Friday, December 21, 2007

TV on Your Desktop

I was fortunate enough to be reading TechCrunch today when the notice went up that there were some private beta invitations available for the much-anticipated Hulu.com service.

What? You've never heard of it?

Hulu is a site which provides premium content on the Web. "Premium content" includes both current and classic programs from a variety of providers, including NBC Universal, FOX and a smattering of others.

When I logged in I was able almost immediately to stream a recent episode of "Monk" to my computer screen. I checked out "The Office" and browsed through a number of clips from the Sci-Fi Channel, including their recent "Tin Man" miniseries. I was especially thrilled to discover that Hulu has the complete run of one of my favorite short-lived shows, "Firefly".

The video quality was remarkably good. Despite that, my desktop computer had no problems keeping up with the playback. My "so old that Moses must have brought it down" laptop was even able to do a fairly respectable job (though I didn't try to run it on full screen mode -- I'm not expecting miracles, after all).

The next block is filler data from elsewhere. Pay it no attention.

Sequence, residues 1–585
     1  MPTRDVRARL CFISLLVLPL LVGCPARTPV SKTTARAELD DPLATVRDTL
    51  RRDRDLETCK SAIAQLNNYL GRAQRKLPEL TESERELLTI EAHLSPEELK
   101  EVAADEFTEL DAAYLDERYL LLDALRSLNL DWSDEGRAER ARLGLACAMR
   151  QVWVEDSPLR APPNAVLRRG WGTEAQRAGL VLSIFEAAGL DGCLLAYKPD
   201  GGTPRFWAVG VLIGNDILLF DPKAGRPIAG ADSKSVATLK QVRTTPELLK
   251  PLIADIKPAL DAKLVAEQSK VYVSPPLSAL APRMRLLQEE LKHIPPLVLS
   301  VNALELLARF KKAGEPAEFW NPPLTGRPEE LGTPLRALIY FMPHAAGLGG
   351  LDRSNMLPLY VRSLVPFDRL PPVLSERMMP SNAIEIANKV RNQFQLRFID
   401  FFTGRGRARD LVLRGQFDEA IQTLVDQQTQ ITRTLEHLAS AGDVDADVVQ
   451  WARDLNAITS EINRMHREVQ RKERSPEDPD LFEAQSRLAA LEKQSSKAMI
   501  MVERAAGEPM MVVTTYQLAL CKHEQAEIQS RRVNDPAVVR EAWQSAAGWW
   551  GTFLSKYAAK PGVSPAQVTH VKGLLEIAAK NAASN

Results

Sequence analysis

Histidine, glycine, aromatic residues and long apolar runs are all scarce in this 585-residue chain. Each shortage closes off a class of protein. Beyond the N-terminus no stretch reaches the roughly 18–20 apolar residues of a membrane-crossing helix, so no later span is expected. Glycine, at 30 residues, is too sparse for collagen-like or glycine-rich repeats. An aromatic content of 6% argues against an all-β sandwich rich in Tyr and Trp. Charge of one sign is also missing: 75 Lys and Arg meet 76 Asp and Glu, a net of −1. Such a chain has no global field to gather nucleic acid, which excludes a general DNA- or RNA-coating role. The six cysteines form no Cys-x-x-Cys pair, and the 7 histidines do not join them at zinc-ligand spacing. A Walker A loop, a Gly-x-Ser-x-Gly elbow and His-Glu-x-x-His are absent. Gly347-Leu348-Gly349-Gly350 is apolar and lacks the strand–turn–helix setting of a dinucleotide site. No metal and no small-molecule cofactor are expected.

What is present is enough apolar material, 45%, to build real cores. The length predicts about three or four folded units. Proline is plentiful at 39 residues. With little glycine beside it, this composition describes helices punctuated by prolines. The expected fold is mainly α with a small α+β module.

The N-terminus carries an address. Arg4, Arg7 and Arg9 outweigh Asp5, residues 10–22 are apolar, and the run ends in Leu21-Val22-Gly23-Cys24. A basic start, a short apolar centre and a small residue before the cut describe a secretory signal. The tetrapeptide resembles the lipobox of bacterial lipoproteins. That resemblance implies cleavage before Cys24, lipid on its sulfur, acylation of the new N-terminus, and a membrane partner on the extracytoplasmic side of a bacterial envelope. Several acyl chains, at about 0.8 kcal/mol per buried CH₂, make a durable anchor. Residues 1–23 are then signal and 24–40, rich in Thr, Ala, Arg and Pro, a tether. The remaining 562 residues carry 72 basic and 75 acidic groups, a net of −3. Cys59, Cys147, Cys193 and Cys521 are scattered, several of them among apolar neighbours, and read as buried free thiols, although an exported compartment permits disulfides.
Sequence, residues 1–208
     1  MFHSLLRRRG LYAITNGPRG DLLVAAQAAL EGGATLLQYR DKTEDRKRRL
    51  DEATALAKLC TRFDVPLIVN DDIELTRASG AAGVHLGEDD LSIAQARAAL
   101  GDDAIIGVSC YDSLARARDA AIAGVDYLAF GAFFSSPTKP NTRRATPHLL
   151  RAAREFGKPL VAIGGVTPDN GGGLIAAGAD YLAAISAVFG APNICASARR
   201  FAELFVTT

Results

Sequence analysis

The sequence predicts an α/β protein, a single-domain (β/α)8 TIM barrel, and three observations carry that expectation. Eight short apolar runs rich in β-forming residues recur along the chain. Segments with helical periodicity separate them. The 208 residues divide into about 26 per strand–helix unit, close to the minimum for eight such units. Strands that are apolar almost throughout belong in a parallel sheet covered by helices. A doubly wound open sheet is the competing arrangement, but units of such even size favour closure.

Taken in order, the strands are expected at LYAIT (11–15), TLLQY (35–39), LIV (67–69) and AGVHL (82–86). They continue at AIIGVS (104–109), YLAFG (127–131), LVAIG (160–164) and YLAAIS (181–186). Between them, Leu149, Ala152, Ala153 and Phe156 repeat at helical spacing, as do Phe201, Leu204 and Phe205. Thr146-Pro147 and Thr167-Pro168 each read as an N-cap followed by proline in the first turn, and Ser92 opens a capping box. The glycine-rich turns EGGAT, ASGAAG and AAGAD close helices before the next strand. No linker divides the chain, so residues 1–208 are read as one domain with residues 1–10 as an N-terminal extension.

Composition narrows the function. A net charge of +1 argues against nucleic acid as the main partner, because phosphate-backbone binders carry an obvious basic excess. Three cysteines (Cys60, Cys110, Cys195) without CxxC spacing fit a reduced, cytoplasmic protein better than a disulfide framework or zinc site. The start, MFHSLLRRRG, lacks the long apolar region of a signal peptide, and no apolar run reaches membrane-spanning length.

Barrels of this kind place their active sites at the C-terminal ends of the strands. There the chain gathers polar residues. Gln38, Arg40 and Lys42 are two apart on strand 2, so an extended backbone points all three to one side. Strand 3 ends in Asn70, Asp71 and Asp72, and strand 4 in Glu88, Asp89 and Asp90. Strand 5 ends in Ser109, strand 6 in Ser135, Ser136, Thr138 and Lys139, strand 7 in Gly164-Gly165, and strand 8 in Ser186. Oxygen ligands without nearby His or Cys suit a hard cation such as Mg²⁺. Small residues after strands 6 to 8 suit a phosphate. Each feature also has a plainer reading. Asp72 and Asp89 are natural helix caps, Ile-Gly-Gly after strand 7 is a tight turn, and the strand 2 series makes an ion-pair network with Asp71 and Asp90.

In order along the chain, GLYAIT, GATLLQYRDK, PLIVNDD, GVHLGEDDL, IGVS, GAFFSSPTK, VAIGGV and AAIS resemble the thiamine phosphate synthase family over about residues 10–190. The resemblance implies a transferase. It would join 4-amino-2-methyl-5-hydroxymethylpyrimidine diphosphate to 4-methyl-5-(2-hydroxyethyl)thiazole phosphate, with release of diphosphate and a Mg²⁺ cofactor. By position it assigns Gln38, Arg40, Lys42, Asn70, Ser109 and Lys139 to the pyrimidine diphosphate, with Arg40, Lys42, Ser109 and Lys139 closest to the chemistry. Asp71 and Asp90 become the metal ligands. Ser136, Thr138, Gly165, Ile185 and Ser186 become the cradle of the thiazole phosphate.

The videos show with "limited commercial interruption". In the case of the hour and 26 minute "Firefly" pilot episode, this meant that there were 5 30-second commercials. Not a big deal, but if you really can't stand commercials, then you may have a hard time since there isn't any convenient way to fast-forward (though you can attempt to restart the video after the ad spot).

Some interesting features include the ability to "pop-out" the video to a separate smaller window, go to full screen mode, and even to embed clips or even whole videos in your content. The latter facility even allows you to specify a smaller chunk of the video if you wanted to make commentary on a specific part of the offering. I would have loved this tool back when I wrote about meeting Gil Gerard of 1970's "Buck Rogers" fame (Hulu has a selection of Buck's adventures in their library).

I'll be interested to see how this develops. Right now the catalog of videos includes whole seasons of episodes, but not usually the entire run of a show. Will they continue to add episodes until the entire run is available? Will the episodes expire? Do people even want to watch TV this way?

So, how would you use the Hulu service? Or would you?

1 comment:

Jacki Hollywood Brown said...

I'm still mad because WKRP DVDs dubbed out all the music that was on the original TV show.
Something about licensing rights. If I was a musician I would want EVERYONE EVERYWHERE listening to my music even on reruns of WKRP!